24 August, 2023
Operation Island Chief was a 12-day operation covering 18.2 million square kilometres of FFA member nations’ exclusive economic zones and high seas.
It involved nearly 350 personnel from various multinational agencies, including navy, maritime police, air force and national fisheries bodies.
New Zealand, Australia, France and the United States provided aerial and surface surveillance support, with three ships, five aircraft and advanced remote sensing detection technology employed.
One of the RNZAF’s new P-8A Poseidon aircraft flew a total of just over 44 hours, covering around 1.8 million square kilometres of ocean.
The crew reported the activities and positions of 68 vessels to the FFA as part of Operation Island Chief.
Participation in the operation was part of the overall operational release of the new Poseidon aircraft fleet and the continuation of developing the capability.
Commander Joint Forces New Zealand, Rear Admiral Jim Gilmour, said the operation was a pleasing collaboration of nations and agencies, with a common goal.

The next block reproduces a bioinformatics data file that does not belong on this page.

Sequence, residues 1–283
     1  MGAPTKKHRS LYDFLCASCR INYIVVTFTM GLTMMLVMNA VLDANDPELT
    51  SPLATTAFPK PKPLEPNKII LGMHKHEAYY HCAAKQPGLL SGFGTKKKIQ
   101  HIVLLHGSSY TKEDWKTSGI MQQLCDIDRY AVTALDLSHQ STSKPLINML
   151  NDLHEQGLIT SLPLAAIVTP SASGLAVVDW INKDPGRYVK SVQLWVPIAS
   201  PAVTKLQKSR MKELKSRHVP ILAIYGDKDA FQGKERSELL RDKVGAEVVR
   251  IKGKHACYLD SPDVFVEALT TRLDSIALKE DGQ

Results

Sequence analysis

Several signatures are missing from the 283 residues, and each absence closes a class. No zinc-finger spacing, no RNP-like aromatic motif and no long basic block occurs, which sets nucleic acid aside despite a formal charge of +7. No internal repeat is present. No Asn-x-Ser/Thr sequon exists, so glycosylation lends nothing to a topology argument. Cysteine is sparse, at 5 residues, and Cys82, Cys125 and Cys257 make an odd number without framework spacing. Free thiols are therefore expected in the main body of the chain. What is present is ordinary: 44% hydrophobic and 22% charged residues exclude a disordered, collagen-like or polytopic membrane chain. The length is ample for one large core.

“Illegal, unreported and unregulated fishing threatens sustainable fisheries and the security and economy of our Pacific neighbourhood,” he said.
“The FFA has four significant surveillance operations each year and we are proud to commit to those, as well as support Pacific nations with separate requests for fisheries patrols, in order to protect that neighbourhood.”
As well as agencies from the FFA member nations, the operation also utilised the maritime surveillance capabilities and data intelligence analysis of Global Fishing Watch, International Monitoring Control and Surveillance Network, Canada’s Dark Vessel Detection system, the United States HawkEye 360 system (supported by the Australian Government), Starboard Maritime Intelligence system, Pacific Transnational Crime Network and the Western Central Pacific Fisheries Commission.